Of course, like the million dangerously designed cribs Simplicity sold for years before the 2007 recall, the company's defective bassinets no doubt carried the JPMA-Certified seal of approval. And when the industry association's voluntary safety standards are found to have been ignored, inadequate or both, their lawyer's official response is to ignore their own failings and culpability, to affirm their member company's shell game, and then to make false criticisms of the CPSC. You stay classy, JPMA.
While they were refusing to cooperate on recalls and investigations that related to products they'd washed Simplicity's corporate hands of, Blackstreet praised "the Simplicity brand" for "its exceptional value, innovative design and unparalleled focus on safety." Indeed, the extent of Simplicity's shitty, dangerous record on crib safety is without parallel.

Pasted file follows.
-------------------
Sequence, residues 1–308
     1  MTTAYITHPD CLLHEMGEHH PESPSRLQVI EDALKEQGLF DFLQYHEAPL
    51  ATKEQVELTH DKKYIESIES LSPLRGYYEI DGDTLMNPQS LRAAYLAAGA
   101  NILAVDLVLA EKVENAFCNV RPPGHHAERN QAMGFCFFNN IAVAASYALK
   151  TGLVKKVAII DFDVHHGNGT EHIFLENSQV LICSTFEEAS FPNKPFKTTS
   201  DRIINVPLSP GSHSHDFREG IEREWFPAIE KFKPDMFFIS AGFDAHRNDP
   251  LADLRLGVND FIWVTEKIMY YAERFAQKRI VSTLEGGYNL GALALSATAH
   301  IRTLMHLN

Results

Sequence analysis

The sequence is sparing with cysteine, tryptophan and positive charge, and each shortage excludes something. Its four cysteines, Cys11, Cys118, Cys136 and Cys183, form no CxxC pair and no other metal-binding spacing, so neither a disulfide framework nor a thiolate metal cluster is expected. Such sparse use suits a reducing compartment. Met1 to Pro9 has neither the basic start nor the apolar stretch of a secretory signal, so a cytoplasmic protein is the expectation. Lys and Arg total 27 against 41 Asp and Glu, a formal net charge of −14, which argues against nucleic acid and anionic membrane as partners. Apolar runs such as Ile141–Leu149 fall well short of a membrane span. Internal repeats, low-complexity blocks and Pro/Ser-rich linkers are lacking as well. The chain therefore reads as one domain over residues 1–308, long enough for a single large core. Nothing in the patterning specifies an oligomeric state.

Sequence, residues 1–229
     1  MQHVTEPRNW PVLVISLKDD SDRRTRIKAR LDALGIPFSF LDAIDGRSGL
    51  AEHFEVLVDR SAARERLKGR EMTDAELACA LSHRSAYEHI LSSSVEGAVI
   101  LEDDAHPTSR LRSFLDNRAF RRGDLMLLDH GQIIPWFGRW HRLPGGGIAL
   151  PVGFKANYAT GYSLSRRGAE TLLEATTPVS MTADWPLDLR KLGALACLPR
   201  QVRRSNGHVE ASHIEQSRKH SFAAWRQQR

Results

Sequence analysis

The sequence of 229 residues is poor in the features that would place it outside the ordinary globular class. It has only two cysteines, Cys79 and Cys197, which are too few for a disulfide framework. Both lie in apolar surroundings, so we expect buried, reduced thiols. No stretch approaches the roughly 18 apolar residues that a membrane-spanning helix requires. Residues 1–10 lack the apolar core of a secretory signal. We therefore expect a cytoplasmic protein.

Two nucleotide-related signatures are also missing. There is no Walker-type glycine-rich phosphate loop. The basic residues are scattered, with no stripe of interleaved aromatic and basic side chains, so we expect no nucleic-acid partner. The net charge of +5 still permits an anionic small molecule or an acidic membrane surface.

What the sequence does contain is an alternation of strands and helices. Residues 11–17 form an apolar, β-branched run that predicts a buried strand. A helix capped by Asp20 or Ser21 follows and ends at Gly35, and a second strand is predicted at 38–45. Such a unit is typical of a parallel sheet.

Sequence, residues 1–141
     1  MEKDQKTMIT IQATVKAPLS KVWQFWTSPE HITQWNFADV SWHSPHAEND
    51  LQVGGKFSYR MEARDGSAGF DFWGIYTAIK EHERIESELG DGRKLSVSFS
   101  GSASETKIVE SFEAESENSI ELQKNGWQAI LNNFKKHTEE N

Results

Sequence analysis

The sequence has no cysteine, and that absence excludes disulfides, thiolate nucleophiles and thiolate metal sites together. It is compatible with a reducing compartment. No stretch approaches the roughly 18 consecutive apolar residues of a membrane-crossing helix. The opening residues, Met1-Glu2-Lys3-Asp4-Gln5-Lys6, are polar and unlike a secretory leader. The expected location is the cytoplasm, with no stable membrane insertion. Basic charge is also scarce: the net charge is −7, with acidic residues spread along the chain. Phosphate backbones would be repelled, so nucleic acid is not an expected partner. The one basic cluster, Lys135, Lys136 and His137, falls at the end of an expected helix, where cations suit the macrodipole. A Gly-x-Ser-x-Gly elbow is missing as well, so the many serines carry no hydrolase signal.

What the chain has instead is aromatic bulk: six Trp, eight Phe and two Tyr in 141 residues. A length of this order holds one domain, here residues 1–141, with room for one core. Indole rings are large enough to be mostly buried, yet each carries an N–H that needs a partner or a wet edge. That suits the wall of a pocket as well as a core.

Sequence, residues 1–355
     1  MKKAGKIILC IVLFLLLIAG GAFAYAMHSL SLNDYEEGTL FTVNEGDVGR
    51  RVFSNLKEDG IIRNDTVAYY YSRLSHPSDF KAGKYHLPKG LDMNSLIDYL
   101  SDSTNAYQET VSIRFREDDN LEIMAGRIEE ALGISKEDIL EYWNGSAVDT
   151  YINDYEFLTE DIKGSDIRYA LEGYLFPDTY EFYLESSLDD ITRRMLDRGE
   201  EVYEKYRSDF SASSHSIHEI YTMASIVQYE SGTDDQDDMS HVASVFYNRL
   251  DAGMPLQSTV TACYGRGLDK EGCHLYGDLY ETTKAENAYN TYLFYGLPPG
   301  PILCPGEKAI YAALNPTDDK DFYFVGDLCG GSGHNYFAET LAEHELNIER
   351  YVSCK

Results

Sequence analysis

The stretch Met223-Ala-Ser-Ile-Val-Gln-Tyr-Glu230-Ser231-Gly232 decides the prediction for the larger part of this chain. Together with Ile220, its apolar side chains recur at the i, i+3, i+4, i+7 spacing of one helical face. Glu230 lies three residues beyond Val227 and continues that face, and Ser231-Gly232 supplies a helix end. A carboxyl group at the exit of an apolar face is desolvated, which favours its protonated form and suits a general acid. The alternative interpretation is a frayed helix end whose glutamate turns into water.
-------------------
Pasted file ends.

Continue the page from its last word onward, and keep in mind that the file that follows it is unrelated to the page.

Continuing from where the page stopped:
update: Turns out the current CPSC warning followed an inquiry by the Chicago Tribune about the death of the second infant. The Tribune's Pulitzer Prize-winning investigation also prompted the recall of the million Simplicity cribs last year. The Trib's article is pretty heartwrenching and damning.
Bassinet Sales Halted After Deaths of Two Infants [washpost via dt reader mark]
Infants Strangled to Death in Simplicity Bassinets: CPSC Urges Consumers To Stop Using Simplicity 3-in-1 and 4-in-1 Convertible "Close-Sleeper" Models [cpsc.gov]
Previously: 1mm Simplicity cribs recalled without a repair kit available, because the CPSC only issued the recall to avert a PR disaster; which the JPMA's CYA didn't help
Popular bassinet linked to at least 2 babies' deaths [chicagotribune.com]